John Kuriyan is Professor of Molecular and Cell Biology and also of Chemistry at the University of California, Berkeley. Before this, he was on the faculty at The Rockefeller University, New York, where he began his career in 1987, leaving for Berkeley in 2001. Since 1990, he has been an Investigator of the Howard Hughes Medical Institute. Kuriyan completed undergraduate studies in chemistry at Juniata College, Huntingdon, PA. His doctoral research, on the dynamics of proteins, was carried out at MIT, under the guidance of Greg Petsko and Martin Karplus (Harvard University). Kuriyan’s research is aimed at understanding the structure and mechanism of the enzymes and molecular switches that carry out cellular signal transduction and DNA replication. His laboratory uses x-ray crystallography to determine the three-dimensional structures of proteins involved in signaling and replication, as well as biochemical, biophysical, and computational analyses to elucidate mechanisms. Kuriyan was elected to the US National Academy of Sciences in 2001.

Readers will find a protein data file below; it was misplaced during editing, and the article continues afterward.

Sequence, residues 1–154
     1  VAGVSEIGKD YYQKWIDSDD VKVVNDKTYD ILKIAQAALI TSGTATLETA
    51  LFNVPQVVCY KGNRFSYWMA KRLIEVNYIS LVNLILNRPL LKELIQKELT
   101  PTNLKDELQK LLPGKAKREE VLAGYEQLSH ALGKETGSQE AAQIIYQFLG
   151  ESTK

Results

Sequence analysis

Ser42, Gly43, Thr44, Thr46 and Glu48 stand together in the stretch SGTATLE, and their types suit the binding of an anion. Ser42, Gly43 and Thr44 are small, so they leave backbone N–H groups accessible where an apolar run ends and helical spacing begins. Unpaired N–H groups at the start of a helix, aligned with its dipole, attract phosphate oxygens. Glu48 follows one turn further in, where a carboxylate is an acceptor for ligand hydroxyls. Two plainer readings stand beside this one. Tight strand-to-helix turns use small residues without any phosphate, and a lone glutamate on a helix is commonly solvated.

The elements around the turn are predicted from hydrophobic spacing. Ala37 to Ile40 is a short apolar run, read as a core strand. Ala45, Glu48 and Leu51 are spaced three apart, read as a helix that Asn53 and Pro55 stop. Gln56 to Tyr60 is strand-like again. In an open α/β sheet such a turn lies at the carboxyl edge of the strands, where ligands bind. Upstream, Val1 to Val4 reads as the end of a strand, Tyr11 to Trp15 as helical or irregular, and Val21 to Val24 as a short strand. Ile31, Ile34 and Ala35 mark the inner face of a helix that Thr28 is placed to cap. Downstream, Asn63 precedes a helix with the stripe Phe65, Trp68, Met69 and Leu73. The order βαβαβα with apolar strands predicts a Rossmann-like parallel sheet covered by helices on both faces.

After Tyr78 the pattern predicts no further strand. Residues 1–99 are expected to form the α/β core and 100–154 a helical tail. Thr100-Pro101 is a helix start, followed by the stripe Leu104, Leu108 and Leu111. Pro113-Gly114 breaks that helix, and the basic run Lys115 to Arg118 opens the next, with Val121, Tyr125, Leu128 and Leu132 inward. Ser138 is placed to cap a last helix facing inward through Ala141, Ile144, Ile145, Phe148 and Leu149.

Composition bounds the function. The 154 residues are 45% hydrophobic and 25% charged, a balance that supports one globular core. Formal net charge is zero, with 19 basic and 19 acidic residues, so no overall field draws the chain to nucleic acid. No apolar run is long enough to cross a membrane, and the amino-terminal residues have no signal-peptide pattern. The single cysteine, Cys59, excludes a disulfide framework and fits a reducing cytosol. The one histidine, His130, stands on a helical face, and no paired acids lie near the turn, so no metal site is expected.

4. Wenhui Li

    Senior Editor

    Wenhui Li is an Investigator of the National Institute of Biological Sciences (NIBS), Beijing, China. He received a bachelor’s degree in medicine from the Medical School of Lanzhou University in 1994 and his PhD from the Peking Union Medical College & Chinese Academy of Medical Sciences in 2001. After completing his postdoctoral studies at Harvard Medical School, Li joined NIBS as an Assistant Investigator in 2007 and rose to the rank of Investigator in 2015. His team at NIBS identified a liver bile acids transporter (sodium taurocholate co-transporting polypeptide, NTCP) as a functional receptor for Hepatitis B and D virus. Li’s research interest has been focusing on the molecular mechanisms of viral infections: currently his laboratory combines virology, biochemistry, immunology, and chemical biology to investigate molecular mechanisms of HBV/HDV infection.

  5. Vivek Malhotra

    Senior Editor